Quit smoking. Eat healthier. Exercise more. Start exercising.
With high hopes, people start the new year determined to improve their lifestyles. But research tells us that even with the best of intentions, the majority will return to their old habits as weeks go by.
Healthy Monday is a philosophy to help people recommit to their resolutions and a healthier lifestyle long after the holiday decorations have been packed away. The simple premise offers people a weekly prompt to start and sustain healthy behaviors. A public health initiative founded in 2005 in association with the Mailman School, Johns Hopkins University, and Syracuse University, Healthy Monday aims no less than to end preventable disease in the U.S.
The initiative’s roots go back to 2002 when discussions at Johns Hopkins University on how to decrease fat and cholesterol in Americans' diets spurred Sid Lerner, Healthy Monday founder and chairman, to borrow an idea from WWII to promote Meatless Mondays. Then Mailman School Dean Allan Rosenfield worked with Mr. Lerner to expand the concept to address broader health initiatives such as smoking and exercise, thereby launching the Healthy Monday campaign in 2006.
Mr. Lerner, a former advertising executive and author of several books, explains that Healthy Monday’s appeal lies in being “able to use one day a week to get people to take on a good habit. It’s a motivation tool that works across the board on a number of diseases like heart disease.”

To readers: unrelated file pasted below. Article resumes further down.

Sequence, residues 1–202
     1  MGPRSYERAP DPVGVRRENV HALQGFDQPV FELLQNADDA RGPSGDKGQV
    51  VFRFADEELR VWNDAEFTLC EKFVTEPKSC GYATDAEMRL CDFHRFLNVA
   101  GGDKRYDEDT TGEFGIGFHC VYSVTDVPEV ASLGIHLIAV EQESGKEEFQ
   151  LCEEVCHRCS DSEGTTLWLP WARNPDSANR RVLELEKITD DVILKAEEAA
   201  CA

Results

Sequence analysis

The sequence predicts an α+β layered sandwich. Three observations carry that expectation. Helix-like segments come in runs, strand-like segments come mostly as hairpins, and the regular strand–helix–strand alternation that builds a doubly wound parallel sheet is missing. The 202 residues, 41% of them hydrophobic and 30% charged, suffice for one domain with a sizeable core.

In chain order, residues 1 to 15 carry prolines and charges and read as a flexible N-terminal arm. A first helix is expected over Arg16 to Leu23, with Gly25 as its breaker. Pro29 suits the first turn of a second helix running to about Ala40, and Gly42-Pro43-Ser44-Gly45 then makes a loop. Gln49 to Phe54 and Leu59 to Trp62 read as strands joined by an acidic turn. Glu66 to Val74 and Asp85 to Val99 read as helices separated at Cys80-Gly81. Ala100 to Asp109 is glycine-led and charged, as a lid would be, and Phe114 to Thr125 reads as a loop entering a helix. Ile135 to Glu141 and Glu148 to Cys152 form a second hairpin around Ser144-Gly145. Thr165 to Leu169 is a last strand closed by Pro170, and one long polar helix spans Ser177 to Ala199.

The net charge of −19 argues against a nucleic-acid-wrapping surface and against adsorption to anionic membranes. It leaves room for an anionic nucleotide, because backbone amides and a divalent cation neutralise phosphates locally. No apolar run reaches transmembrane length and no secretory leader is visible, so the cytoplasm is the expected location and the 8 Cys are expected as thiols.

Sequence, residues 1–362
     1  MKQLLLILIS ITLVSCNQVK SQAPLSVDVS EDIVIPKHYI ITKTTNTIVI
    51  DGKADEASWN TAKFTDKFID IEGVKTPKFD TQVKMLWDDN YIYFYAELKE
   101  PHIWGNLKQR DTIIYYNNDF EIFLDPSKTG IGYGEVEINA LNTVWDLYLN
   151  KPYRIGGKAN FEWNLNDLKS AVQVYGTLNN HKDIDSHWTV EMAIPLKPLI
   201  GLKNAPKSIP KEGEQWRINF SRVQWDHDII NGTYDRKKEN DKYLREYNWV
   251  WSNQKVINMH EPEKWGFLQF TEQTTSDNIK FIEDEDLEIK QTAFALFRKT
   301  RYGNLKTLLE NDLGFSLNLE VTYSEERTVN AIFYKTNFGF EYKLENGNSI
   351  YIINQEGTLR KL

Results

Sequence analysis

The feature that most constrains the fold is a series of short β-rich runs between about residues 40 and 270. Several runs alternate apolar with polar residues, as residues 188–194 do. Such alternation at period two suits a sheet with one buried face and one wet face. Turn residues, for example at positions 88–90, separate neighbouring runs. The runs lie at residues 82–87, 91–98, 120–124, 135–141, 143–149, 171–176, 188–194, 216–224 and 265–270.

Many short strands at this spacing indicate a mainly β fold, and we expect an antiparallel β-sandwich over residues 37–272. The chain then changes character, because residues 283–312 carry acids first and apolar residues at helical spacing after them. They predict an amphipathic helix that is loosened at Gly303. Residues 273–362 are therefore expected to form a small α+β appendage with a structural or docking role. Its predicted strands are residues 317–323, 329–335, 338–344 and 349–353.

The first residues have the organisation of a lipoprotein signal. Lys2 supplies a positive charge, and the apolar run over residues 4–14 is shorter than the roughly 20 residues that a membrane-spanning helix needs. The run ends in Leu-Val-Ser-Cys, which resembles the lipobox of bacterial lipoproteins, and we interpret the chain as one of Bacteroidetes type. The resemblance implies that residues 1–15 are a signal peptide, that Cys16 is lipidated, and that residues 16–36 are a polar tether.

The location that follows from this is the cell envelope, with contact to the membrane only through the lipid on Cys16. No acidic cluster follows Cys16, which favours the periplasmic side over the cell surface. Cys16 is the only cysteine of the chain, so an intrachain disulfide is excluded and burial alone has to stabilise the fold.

Since the program’s launch, the Healthy Monday campaign has developed partnerships with major health organizations like the American Heart Association, American Diabetes Association, and American Cancer Society. Healthy Monday also works with corporations, non-profit organizations, fifty-three universities, churches, and government agencies across the country. Overseas, it’s garnered support with European Union political leaders and musicians such as Paul McCartney endorsing the campaign.
Focusing more locally in the New York City area, the campaign works with Harlem Health Promotion Center, one of 35 Prevention Research Centers funded by the Centers for Disease Control and Prevention, on an ambitious plan to partner with local universities, youth organizations, and faith-based groups to provide health information and advice to the Harlem and Northern Manhattan communities.
“Behavior change takes time and incremental steps – sometimes three steps forward and two steps back,” explains Alwyn Cohall, MD, director of the Harlem Health Promotion Center and professor of Clinical Sociomedical Sciences and Population and Family Health. “Healthy Monday lets people know that they can be forgiven for falling off the wagon; that the key thing is to keep trying and keep those health goals in front of you.”
“Understanding that relapse is a large problem for many people, a partnership with About.com uses weekly email newsletters to provide additional support,” says Michael Hernandez, coordinator of Healthy Monday initiatives at the Mailman School. “The enewsletters are chock full of information assembled by About.com health editors on hotlines, healthy habits, and health-related topics to help people renew their pledges and resolutions.”
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